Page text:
It’s not easy to impress children with scenic landscape.
I can see this now, having spent a week urging them to look out the windows of our van as we traversed across Kansas and through the Rocky and Sangre de Cristo mountains.
I grew up in a road-tripping family, and while my parents took us to many-an-impressive national jewels, I spent a fair amount of time with my nose in a book or drawing or wearing out The Yes Album, which I played on a loop on my boom box. (And no, I didn’t have earphones.)
The amber waves of grain are no more captivating to kids today than they were in the early ’80s. Purple mountain majesties inspire awe — for about 2 minutes. We saw a windmill blade being towed to a wind farm. The enormous, single blade required an oversized vehicle caravan to get it to the wind farm where it joined hundreds — maybe thousands — of similar blades. Were my kids awestruck? Um, no.
As we navigated the hairpin turns, inches from the plummeting drops of Monarch Pass, the kids giggled and tussled in the back, sifting through Pokemon cards and spawning livestock in their Minecraft computer game.
“Look out the window,” I urged, again and again, declaring entertainment-free blocks of time, just to get them to take in all that nature had to offer.
They did look, and I think they were even quite impressed. But at their age, staring at landscape for hours is not their idea of entertainment, just as it wasn’t my idea of fun at their age.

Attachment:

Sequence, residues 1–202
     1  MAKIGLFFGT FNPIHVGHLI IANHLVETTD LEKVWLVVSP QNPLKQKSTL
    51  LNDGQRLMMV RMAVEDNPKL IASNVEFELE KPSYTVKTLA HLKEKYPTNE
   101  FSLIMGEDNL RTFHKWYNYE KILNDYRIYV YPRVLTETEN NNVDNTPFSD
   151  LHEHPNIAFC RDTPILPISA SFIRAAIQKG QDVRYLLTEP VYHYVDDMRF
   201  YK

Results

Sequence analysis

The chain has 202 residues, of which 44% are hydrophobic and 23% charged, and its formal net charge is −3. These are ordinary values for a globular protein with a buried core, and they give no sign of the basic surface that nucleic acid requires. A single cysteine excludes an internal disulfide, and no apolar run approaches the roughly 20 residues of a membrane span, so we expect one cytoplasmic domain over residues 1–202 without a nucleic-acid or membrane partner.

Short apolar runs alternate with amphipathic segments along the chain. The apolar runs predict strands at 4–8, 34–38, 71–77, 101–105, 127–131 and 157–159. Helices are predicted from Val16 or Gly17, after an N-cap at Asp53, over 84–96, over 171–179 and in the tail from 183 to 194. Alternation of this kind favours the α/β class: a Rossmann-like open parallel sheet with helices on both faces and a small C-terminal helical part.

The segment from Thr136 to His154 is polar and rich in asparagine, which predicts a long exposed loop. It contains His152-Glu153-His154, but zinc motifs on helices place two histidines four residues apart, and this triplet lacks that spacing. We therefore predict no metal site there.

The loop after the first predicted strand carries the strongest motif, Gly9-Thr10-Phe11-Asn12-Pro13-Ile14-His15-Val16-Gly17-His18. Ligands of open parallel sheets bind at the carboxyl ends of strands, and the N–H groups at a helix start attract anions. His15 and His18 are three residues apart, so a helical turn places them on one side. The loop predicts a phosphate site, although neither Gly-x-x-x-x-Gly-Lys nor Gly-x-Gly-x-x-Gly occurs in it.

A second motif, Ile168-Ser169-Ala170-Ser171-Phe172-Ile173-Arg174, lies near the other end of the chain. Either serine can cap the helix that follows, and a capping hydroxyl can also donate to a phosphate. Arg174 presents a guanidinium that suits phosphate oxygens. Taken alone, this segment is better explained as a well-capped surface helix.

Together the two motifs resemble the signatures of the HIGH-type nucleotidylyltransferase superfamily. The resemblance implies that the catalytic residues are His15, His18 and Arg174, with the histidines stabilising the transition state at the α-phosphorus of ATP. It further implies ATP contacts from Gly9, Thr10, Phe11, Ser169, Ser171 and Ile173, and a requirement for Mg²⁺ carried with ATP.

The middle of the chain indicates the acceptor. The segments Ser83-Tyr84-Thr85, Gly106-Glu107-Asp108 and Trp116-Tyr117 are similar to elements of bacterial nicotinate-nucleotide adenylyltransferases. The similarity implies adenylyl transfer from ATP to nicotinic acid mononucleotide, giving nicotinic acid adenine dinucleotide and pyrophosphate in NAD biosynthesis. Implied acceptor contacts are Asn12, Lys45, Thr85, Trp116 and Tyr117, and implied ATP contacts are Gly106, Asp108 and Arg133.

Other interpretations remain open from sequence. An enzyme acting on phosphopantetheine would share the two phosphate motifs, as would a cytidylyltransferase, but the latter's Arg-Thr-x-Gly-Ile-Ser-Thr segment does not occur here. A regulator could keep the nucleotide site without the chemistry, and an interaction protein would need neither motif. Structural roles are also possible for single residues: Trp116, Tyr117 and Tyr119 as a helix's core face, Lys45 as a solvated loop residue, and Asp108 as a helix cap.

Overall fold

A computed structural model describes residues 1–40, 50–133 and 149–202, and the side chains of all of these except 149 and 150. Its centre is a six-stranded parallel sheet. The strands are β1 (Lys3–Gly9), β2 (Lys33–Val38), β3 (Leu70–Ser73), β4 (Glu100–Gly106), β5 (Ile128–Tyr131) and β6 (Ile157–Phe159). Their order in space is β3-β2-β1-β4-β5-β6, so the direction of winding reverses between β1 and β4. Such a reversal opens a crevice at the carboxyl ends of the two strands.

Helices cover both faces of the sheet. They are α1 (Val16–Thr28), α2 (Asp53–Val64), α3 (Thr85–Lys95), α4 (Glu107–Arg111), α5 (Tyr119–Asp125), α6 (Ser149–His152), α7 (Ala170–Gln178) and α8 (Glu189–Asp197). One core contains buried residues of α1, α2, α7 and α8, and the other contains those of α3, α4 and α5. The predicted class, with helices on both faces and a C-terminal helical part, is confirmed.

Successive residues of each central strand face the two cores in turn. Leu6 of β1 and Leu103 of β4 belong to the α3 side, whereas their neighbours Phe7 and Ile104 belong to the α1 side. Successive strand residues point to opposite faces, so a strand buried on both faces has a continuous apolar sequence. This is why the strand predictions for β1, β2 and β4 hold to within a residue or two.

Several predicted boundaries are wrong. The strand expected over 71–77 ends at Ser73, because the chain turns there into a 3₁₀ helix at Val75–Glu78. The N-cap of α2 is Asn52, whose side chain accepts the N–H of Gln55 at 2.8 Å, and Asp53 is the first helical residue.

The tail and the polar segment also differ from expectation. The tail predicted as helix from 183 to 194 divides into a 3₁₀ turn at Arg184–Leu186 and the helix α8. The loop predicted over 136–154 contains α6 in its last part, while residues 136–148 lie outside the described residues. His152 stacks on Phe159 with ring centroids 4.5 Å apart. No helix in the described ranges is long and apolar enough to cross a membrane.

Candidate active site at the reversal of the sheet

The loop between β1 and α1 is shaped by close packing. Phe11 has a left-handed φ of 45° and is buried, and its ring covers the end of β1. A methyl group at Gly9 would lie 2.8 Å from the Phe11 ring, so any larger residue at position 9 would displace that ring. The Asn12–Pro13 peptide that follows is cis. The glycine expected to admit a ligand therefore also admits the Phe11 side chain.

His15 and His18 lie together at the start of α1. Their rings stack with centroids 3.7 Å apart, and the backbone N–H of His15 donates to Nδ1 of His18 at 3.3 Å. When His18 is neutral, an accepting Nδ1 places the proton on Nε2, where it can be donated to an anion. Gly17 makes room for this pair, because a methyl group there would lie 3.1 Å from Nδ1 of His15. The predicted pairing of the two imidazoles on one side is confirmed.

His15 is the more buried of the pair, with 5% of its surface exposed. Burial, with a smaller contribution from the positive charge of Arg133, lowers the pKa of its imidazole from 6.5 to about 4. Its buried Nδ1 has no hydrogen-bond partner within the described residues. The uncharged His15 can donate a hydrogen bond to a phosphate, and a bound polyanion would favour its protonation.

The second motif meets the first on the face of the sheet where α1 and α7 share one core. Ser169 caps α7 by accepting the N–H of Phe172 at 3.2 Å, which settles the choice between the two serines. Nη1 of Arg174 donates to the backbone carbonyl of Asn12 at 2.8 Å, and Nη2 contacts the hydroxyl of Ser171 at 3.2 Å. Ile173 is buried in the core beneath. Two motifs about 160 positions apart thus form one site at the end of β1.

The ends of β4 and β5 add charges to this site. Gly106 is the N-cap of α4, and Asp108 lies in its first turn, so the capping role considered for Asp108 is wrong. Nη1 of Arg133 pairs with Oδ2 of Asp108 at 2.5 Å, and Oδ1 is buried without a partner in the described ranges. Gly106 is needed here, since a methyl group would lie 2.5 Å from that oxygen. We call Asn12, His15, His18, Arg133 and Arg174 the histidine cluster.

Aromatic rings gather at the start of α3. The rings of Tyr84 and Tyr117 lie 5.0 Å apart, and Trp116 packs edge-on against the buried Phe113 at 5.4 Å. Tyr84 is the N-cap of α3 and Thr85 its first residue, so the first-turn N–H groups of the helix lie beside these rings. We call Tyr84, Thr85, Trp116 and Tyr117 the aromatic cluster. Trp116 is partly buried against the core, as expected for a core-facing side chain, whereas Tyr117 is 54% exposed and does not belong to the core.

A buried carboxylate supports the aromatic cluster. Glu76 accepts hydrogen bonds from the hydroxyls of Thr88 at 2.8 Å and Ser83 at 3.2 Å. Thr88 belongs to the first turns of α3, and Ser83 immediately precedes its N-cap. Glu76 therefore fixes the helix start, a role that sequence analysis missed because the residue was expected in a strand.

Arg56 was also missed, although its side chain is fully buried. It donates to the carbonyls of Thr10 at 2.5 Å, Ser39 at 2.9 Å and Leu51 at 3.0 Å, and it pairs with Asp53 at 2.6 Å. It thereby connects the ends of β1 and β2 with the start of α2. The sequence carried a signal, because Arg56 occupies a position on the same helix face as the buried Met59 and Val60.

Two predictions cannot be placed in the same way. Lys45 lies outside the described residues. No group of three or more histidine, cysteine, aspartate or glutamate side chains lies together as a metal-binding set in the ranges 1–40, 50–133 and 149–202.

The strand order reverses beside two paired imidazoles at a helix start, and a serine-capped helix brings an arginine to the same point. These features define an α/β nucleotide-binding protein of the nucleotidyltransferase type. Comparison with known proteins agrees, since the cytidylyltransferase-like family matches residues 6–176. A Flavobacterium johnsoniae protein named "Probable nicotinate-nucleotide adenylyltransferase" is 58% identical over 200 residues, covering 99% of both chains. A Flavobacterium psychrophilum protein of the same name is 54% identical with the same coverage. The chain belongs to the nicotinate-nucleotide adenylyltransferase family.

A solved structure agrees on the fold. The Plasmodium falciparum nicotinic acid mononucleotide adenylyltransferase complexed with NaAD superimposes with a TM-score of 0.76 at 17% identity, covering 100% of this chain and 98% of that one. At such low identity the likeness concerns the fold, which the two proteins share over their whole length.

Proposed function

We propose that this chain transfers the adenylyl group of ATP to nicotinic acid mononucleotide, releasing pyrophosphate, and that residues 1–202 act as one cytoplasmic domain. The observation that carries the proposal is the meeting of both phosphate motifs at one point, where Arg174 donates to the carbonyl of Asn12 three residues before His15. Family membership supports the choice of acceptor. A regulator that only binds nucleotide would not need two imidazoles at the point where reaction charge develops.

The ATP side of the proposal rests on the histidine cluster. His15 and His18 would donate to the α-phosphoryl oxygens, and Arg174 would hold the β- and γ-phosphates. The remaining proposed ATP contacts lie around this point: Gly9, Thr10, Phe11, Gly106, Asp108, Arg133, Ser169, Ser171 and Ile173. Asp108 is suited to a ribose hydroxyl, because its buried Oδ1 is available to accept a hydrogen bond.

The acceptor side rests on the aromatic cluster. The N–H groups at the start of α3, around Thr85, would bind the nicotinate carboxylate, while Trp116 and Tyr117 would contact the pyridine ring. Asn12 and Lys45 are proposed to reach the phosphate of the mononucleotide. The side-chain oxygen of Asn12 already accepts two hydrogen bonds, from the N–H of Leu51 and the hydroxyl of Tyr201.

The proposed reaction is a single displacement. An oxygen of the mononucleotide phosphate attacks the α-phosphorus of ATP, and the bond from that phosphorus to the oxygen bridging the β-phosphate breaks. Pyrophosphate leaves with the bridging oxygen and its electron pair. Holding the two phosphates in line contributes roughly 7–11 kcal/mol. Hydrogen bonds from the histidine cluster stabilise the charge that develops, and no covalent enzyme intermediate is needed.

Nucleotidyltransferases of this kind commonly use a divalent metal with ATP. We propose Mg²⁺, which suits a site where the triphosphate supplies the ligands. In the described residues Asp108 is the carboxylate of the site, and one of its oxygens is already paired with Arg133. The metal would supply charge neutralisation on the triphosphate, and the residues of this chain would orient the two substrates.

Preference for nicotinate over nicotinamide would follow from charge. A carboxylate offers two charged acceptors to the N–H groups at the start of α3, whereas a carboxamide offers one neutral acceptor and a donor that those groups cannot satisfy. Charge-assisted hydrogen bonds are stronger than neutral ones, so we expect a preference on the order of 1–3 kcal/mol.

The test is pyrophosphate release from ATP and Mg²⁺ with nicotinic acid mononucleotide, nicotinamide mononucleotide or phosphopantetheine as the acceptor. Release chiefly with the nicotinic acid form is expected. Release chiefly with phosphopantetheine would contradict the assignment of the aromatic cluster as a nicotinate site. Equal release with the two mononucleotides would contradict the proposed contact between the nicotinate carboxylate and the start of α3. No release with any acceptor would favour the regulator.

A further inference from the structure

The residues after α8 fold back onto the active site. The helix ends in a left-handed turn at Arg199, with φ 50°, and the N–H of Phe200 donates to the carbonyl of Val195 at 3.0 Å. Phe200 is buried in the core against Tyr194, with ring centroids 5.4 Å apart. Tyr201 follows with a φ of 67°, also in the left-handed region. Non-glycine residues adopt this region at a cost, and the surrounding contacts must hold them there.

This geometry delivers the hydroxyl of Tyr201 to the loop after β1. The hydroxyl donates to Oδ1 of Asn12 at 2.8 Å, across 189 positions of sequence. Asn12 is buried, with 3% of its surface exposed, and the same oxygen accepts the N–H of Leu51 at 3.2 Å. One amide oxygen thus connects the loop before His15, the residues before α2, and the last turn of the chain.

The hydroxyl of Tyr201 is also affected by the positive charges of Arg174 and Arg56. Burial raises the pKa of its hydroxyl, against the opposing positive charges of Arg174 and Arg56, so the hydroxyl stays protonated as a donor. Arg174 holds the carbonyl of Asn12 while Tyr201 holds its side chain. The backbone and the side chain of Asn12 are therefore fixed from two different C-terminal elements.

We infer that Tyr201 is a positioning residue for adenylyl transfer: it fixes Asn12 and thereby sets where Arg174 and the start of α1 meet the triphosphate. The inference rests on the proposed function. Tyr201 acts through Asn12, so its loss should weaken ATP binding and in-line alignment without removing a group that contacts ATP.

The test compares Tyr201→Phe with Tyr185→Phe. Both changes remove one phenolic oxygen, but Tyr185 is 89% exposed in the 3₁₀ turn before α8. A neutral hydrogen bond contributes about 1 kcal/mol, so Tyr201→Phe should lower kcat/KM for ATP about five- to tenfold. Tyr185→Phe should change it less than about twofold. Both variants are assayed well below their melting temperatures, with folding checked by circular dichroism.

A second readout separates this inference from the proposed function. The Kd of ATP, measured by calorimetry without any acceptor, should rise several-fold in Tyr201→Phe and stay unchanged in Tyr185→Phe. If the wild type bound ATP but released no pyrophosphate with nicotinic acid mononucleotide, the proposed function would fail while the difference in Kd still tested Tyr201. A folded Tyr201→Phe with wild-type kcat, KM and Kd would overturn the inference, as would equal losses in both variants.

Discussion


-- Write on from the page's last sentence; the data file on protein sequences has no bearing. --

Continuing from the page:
It was a little bit disappointing — it felt like a parenting fail — that they were more interested in their screens and games than the sights out the windows. They wanted to arrive and get out of the car. They found no beauty in the ride.
We spent an evening at The Penny Arcade in Manitou Springs, Colo. With a pocket full of nickles, dimes and quarters, they played arcade games — mostly vintage. My daughter and I played Ms. Pac-Man, a favorite from my own childhood. They shot clowns with balls in a game that appeared to be from the ’50s or before. My daughter played an old-time driving game that pre-dated animated screens. Many of the games were so old that they only cost a nickel or a dime to play.
It struck me: Kids have always been the same. The kids who played these games when they were new probably also recited, “Are we almost there?” every 12 minutes for the entire car ride. For ages, moms have said, “Look at that!” while their kids sulked, giggled or amused themselves with backseat activities. But pulling levers, earning points, racking up tickets — these are inherently fun to kids. Cave children would have loved an arcade as much as my kids love their hand-held electronics.
In my backseat days, I didn’t gaze for hours at the landscape, soak it in, revel in the beauty. That type of appreciation comes with age. I remember snippets, though. I’m sure my kids will, too. They’re not ungrateful, they’re young. Just like kids are supposed to be.
Mom and freelancer Emily Parnell writes for Diversions each week.